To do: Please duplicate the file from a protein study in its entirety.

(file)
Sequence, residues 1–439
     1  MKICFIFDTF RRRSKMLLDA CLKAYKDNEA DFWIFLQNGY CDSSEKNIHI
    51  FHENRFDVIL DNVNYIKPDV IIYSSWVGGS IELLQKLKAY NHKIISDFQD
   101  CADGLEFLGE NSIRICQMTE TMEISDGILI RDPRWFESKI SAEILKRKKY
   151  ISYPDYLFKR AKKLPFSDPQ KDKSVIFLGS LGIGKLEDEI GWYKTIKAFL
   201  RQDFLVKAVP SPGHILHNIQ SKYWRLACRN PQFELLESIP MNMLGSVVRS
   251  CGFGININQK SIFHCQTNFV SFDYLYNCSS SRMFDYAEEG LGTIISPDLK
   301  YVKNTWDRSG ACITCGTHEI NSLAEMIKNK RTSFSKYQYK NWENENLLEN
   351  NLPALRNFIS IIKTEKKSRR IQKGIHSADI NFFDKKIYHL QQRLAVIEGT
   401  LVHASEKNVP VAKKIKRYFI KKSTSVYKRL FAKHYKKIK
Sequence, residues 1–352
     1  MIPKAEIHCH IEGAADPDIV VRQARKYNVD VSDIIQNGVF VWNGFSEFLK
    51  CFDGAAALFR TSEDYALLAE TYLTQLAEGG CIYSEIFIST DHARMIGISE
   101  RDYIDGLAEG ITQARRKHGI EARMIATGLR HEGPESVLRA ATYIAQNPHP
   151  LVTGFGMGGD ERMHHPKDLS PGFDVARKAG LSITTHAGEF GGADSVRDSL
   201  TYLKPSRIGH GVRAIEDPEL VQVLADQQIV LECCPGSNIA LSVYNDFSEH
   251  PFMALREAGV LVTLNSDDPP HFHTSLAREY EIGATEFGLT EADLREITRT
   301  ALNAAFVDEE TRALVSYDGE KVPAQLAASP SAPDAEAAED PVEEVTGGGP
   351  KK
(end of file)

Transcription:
Sequence, residues 1–439
     1  MKICFIFDTF RRRSKMLLDA CLKAYKDNEA DFWIFLQNGY CDSSEKNIHI
    51  FHENRFDVIL DNVNYIKPDV IIYSSWVGGS IELLQKLKAY NHKIISDFQD
   101  CADGLEFLGE NSIRICQMTE TMEISDGILI RDPRWFESKI SAEILKRKKY
   151  ISYPDYLFKR AKKLPFSDPQ KDKSVIFLGS LGIGKLEDEI GWYKTIKAFL
   201  RQDFLVKAVP SPGHILHNIQ SKYWRLACRN PQFELLESIP MNMLGSVVRS
   251  CGFGININQK SIFHCQTNFV SFDYLYNCSS SRMFDYAEEG LGTIISPDLK
   301  YVKNTWDRSG ACITCGTHEI NSLAEMIKNK RTSFSKYQYK NWENENLLEN
   351  NLPALRNFIS IIKTEKKSRR IQKGIHSADI NFFDKKIYHL QQRLAVIEGT
   401  LVHASEKNVP VAKKIKRYFI KKSTSVYKRL FAKHYKKIK
Sequence, residues 1–352
     1  MIPKAEIHCH IEGAADPDIV VRQARKYNVD VSDIIQNGVF VWNGFSEFLK
    51  CFDGAAALFR TSEDYALLAE TYLTQLAEGG CIYSEIFIST DHARMIGISE
   101  RDYIDGLAEG ITQARRKHGI EARMIATGLR HEGPESVLRA ATYIAQNPHP
   151  LVTGFGMGGD ERMHHPKDLS PGFDVARKAG LSITTHAGEF GGADSVRDSL
   201  TYLKPSRIGH GVRAIEDPEL VQVLADQQIV LECCPGSNIA LSVYNDFSEH
   251  PFMALREAGV LVTLNSDDPP HFHTSLAREY EIGATEFGLT EADLREITRT
   301  ALNAAFVDEE TRALVSYDGE KVPAQLAASP SAPDAEAAED PVEEVTGGGP
   351  KK